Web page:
Eating disorders in males and females may be more similar than they are different, but there is no denying that differences do exist. Eating disorders are more common in females, which explains why most research and literature about eating disorders refers to the patients as "she" and mainly focus only on females. Societal pressures and media images both affect the ways in which men and women view their bodies and contribute to what our idea of the ideal male and female body are. BED is found in males almost as frequently as in females, but anorexia nervosa and bulimia nervosa are much less prevalent in males as compared to females. Homosexuality appears to be correlated with eating disorders in males.

Eating disorders in males may be more prevalent than believed, because many cases may go unreported or undetected. There is little research in regards to males when looking at eating disorders, leaving many questions to be answered. Future studies with males should look at dieting and its role in the development of eating disorders in males. Dieting is a key in research in regards to female eating disorders, but is largely unexplored with males. Social relationships with friends and families is another area of research that can be looked at to determine what role they play in the development of male eating disorders. Substance abuse has been found to be more common in males than females with eating disorders, and more research in this area could further investigate what the relationship between the two is. The role of depression in the development of male eating disorders could be looked at more closely. My male friend that revealed to me that he had been anorexic had a father that was severely depressed, and I expect my friend too may have gone through a period of depression.

Males and females are alike and different in many ways, so it is no surprise to find that eating disorders in males, though similar, are also different from eating disorders experienced by females. More research on eating disorders, especially in males, will probably reveal even more differences and reasons for these differences.



  1. Barry, D., Grilo, C., & Masheb, R. (2002). "Gender Differences in Patients with Binge Eating Disorder". International Journal of Eating Disorders 31, 63-70.
  2. Braun, D.L., Sunday, S. R., Huang, A., & Halmi, K.A. (1999). "More Males Seek Treatment for Eating Disorders". International Journal of Eating Disorders, 25, 415-424.
  3. Carlat, D., Camargo, C., & Herzog, D. (1997). "Eating Disorders in Males: A Report on 135 Patients". American Journal of Psychiatry, 154:8, 1127 –1132.
  4. Harrison, K., & Cantor, J. (1997). "The Relationship Between Media Exposure and Eating Disorders". Journal of Communications, 47, 40-67.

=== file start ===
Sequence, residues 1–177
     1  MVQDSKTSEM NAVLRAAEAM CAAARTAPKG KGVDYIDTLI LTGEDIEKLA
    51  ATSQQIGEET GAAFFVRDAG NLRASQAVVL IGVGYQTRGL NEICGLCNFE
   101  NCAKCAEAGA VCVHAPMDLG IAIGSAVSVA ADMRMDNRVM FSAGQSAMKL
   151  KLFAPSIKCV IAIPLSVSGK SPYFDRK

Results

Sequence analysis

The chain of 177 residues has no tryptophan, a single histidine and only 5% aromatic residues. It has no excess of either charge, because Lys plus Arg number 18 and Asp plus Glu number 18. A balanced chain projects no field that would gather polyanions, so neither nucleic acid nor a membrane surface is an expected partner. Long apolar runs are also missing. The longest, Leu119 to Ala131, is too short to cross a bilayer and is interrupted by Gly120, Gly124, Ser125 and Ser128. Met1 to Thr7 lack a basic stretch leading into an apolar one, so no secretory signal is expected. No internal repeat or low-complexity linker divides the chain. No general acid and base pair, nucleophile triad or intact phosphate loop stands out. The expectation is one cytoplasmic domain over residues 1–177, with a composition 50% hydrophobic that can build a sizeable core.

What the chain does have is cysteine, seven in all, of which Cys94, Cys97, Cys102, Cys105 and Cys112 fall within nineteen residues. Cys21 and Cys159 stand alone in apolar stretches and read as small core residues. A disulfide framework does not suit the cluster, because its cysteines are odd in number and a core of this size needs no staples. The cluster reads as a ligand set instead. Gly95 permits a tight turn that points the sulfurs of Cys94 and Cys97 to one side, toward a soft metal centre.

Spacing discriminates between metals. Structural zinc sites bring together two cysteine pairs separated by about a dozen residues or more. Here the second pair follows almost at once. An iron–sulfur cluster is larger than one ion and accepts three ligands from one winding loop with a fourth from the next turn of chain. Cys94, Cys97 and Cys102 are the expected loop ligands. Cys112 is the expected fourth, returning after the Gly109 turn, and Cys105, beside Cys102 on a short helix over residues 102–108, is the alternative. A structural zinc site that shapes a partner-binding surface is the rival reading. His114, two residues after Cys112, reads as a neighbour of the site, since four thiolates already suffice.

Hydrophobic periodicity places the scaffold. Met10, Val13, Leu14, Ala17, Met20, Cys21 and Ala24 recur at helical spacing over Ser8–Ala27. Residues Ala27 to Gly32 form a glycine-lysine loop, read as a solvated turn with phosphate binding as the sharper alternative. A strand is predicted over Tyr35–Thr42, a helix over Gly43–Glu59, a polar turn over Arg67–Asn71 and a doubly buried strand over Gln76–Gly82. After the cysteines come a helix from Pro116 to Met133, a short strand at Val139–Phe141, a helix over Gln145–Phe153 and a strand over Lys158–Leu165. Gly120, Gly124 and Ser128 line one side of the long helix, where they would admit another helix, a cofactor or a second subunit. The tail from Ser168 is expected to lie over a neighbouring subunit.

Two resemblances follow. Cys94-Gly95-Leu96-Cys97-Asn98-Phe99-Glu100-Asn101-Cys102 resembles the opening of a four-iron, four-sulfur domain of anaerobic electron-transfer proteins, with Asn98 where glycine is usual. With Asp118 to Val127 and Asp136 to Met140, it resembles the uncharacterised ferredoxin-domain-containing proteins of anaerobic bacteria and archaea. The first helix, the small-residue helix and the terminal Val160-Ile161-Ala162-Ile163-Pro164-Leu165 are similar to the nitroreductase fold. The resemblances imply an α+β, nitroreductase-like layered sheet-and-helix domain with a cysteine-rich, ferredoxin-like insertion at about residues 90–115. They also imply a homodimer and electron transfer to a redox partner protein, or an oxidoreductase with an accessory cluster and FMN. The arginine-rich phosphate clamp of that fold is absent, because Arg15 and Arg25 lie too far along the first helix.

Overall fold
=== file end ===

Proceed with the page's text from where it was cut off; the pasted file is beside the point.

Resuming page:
5. Keel, P., Fulkerson, J., and Leon, G. (1997). "Disordered Eating Precursors in Pre- and Early Adolescent Girls and Boys". Journal of Youth and Adolescence, 26, 203-216.
  6. Keel, P., Klump, K., Leon, G., and Fulkerson, J. (1998). "Disordered Eating in Adolescent Males from a School Based Sample". International Journal of Eating Disorders 23, 125-132.
  7. Leit, R., Gray, J., & Pope, H. (2002). "The Media’s Representation of the Ideal Male Body: A Cause for Muscle Dysmorphia?" International Journal of Eating Disorders, 31, 334-338.
  8. Miller, M. & Pumariega, A. (2001). "Culture and Eating Disorders: A Historical and Cross-Cultural Review". Psychiatry, 64, 93-110.
  9. Ricciardelli, L., Williams, R., & Kiernan, M. (1999). "Bulimic Symptoms in Adolescent Girls and Boys". International Journal of Eating Disorders, 26, 217-221.
  10. Russell, C. & Keel, P. (2002). Homosexuality as a Specific Risk Factor for Eating Disorders in Men. International Journal of Eating Disorders, 31, 125-132.
  11. Siegel, J., Hardoff, D., Golden, N., & Shenker, R. (1995). "Medical Complications in Male Adolescents with Anorexia Nervosa". Journal of Adolescent Health, 16, 448-453.
  12. Siegel, M., Brisman, J., & Weinshel, M. Surviving an Eating Disorder. (1988). New York: Harper & Row Publishers.
  13. Tenore, J.L. (2001). "Challenges in Eating Disorders: Past and Present", American Family Physician, 64, 367-368.
  14. Vincent, M.A. & McCabe, M.P. (2000). "Gender Differences Among Adolescents in Family, and Peer Influences on Body Dissatisfaction, Weight Loss, and Binge Eating Behavior." Journal of Youth and Adolescence, 29, 205-221.
  15. Woodside, D.B., Garfinkel, P.E., Lin, E., & Goering, P. (2001). "Comparisons of Men With Full or Partial Eating Disorders, Men Without Eating Disorders, and Women With Eating Disorders in the Community". The American Journal of Psychiatry, 158, 570-574.




Psychology Department

The Health Psychology Home Page is produced and maintained by David Schlundt, PhD.

Vanderbilt Homepage | Introduction to Vanderbilt | Admissions | Colleges & Schools | Research Centers | News & Media Information | People at Vanderbilt | Libraries | Administrative Departments | Medical 

  Return to the Health Psychology Home Page
  Send E-mail comments or questions to Dr. Schlundt


Search: Vanderbilt University
the Internet
  Help  Advanced
Tip: You can refine your last query by searching only the results by clicking on the tab above the search box
Having Trouble Reading this Page?  Download Microsoft Internet Explorer.